World Poetry Day

World Poetry Day

  • Arya Vishwaroop
    Arya Vishwaroop

Introduction

World Poetry Day is observed annually on the 21st of March. The date was decided upon by the United Nations Educational, Scientific and Cultural Organization (UNESCO) in 1999 at the 30th General Conference in Paris. At the conference, the need to support poetic expression across languages was emphasized profusely, especially in languages that are considered endangered.

Why is World Poetry Day Celebrated?

World Poetry Day is not celebrated to honor an imminent person in history or to mark the day something happened in history - it is rather a day to honor poets and their contribution to their respective languages, revive the age-old tradition of poetry recitals, promote the writing, reading, and teaching of poetry, draw parallels between as well as connections to the convergence between poetry and other arts such as dance, music, painting, and theatre, and raise the visibility of poetry in general, in the media.

The History of Poetry

The history of poetry is so old that it is believed that it predates written text itself. It probably originated as a means of remembering something in the form of a song or hymn, as people realized that it helped them remember things better. This is because human beings have been hardwired to recognize and remember patterns, and the use of things such as rhyme in short intervals meant that it made remembering long complex things easier. This could be the reason why most of the earliest dated epics were written in rhyme and meter. The oldest written poetry text, the Rig Veda was written primarily in two meters - the Gayatri meter, which consisted of three octosyllabic sections, and the Tristubh meter, which consisted of 4 verses in groups of 11. Both the Illiad and the Odyssey were written in dactylic hexameter. However, this did not mean that all ancient poetic texts were written in meter or rhyme. For example, the Epic of Gilgamesh was written neither in rhyme nor meter (with exceptions). However, by then, the written text had considerably become more prominent, replacing poetry as being just an ‘oral tradition’.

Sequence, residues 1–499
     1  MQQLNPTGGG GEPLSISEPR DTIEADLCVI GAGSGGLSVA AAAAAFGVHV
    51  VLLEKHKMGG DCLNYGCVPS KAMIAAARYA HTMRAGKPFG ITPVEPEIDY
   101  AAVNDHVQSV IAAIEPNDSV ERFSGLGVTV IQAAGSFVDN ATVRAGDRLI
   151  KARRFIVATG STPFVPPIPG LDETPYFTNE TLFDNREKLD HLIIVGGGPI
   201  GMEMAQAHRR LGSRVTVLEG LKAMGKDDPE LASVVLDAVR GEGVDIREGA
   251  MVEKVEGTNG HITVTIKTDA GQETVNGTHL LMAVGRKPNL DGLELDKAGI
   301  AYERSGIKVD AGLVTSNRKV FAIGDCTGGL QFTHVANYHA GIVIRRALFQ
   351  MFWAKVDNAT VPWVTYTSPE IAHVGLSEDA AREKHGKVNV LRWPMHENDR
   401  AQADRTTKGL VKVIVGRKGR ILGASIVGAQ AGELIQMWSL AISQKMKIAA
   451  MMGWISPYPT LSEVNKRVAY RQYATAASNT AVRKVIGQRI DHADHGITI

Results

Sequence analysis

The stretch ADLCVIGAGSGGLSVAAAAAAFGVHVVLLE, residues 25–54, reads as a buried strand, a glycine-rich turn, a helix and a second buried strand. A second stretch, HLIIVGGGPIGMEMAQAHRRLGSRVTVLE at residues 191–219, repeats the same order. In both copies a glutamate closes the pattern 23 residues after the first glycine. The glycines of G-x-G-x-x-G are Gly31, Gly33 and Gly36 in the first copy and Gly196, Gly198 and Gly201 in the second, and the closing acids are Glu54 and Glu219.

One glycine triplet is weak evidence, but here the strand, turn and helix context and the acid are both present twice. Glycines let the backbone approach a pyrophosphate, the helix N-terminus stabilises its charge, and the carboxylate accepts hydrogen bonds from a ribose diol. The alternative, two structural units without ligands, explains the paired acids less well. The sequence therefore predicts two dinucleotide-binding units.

It is surprising how much poetry as an art form has revolutionized language in general. For simplicity’s sake, let us take the example of English. Back in the day, prior to the amalgamation of the Romance languages with English, English was completely different. After that, the language changed rapidly, which was mainly aided by Shakespeare’s contribution to the language. Shakespeare changed English so much that his era’s language, known as Elizabethian English, was called Shakespearean English. Several phrases and words were added to English because of their popularity after their use in Shakespeare’s work, some of which are given below:

  • Bandit
  • Critic
  • Dauntless
  • Lackluster
  • Lonely
  • Swagger
  • Unreal
  • Unearthly

However, poetry as an art form became more diverse and started being used as a powerful tool of self-expression and introspection in society. Some of the most famous writers that were famous for doing so were TS Eliot, Ernest Hemingway, Maya Angelou, Robert Frost, June Jordan, Wallace Stevens, and Louise Gluck, among others. The unique metaphors and symbolism that these poets brought to poetry have helped pave the way to the modern poetry era.